The Verge of Revolution
America had had its share of boom and bust before. But the Great Depression of the 1930s was unparalleled in magnitude, scope, and duration. Fifteen to 25 percent of the work force was jobless. Families lost their savings, their homes, and even their lives-to disease and sometimes starvation. The Depression was not confined to the United States. It gripped the world, especially those citadels of democracy, the Western capitalist nations. Worst of all, the Depression showed no signs of letup. As the unrelieved years went by, want and misery became a way of life.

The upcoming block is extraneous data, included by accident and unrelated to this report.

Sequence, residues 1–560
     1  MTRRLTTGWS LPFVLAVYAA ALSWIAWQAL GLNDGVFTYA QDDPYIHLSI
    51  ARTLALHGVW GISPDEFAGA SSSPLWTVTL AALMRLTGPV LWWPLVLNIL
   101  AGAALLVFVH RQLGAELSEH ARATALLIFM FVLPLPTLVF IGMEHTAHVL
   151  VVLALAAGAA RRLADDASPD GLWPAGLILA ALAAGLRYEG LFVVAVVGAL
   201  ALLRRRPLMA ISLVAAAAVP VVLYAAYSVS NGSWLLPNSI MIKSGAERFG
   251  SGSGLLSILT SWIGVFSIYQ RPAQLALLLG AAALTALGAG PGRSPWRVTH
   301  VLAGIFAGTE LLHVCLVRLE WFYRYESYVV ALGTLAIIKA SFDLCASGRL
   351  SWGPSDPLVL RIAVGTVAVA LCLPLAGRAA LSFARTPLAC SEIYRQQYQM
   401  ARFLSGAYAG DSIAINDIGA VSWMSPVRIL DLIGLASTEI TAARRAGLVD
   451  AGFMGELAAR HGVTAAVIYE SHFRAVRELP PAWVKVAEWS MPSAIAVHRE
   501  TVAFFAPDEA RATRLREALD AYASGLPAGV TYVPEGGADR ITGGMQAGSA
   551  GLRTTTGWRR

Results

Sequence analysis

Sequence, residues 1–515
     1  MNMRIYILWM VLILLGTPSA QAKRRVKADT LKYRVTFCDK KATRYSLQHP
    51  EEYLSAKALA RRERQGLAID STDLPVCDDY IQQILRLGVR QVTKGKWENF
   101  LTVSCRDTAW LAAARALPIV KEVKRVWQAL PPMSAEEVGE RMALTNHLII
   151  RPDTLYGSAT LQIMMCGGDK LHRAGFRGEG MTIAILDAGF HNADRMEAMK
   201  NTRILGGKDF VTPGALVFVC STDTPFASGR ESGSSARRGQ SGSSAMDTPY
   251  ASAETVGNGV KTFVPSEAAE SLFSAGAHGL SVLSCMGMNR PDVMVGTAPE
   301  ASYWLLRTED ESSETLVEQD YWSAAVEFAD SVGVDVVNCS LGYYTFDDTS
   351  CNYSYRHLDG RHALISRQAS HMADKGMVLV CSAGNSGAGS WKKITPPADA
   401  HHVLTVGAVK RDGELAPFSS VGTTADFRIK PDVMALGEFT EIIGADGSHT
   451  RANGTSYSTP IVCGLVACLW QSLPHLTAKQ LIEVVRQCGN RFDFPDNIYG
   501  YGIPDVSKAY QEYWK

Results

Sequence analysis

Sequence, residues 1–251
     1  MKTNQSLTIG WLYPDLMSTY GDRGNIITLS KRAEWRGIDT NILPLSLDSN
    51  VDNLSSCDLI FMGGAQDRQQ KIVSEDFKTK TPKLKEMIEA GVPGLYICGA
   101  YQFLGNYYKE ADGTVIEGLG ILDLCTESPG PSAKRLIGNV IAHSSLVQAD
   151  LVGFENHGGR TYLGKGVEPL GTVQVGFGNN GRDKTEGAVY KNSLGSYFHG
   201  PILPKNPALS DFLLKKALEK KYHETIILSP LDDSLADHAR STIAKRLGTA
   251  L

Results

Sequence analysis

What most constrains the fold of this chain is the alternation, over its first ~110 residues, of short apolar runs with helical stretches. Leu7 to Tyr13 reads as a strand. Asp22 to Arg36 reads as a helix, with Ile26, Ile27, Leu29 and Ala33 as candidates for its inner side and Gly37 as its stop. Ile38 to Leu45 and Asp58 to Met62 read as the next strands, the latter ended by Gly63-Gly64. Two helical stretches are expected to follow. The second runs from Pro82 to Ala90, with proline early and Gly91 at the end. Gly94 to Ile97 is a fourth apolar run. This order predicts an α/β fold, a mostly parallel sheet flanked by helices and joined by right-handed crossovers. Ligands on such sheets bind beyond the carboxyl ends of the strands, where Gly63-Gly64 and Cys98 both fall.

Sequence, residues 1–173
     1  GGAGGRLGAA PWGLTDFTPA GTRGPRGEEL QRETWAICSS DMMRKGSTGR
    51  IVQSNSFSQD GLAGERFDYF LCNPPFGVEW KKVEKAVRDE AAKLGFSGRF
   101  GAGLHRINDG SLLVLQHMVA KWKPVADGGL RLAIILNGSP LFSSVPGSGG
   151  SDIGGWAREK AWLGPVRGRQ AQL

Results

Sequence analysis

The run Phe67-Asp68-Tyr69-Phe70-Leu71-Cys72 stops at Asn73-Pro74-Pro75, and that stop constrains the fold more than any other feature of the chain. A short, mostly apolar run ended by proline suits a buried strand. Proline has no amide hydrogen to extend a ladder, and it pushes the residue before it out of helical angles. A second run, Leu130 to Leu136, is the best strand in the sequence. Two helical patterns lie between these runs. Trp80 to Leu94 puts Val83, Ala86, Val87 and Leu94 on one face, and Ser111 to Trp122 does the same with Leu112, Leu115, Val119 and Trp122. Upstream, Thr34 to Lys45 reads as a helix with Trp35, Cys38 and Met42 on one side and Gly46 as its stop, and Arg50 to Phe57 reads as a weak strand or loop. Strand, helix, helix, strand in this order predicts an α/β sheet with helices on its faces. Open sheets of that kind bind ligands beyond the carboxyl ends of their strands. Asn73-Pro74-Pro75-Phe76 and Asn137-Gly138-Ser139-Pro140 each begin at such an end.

Discontent and despair bred revolution. The nations of Europe seethed-especially Germany, already economically crippled by the punitive Treaty of Versailles, now brought to its knees by the Depression. First in Italy, then in Germany—and to a lesser extent, elsewhere in Europe—two major ideologies came into violent opposition: Fascism versus Communism. To most Americans, both of these totalitarian ideologies seemed clearly repugnant to democracy.
Democracy was not putting beans on the table, however. Among intellectuals and even some radical workers, Communism seemed to offer a viable alternative to what was apparently the nation’s failed capitalism. Slowly but surely, the gunpowder scent of revolution tainted American air.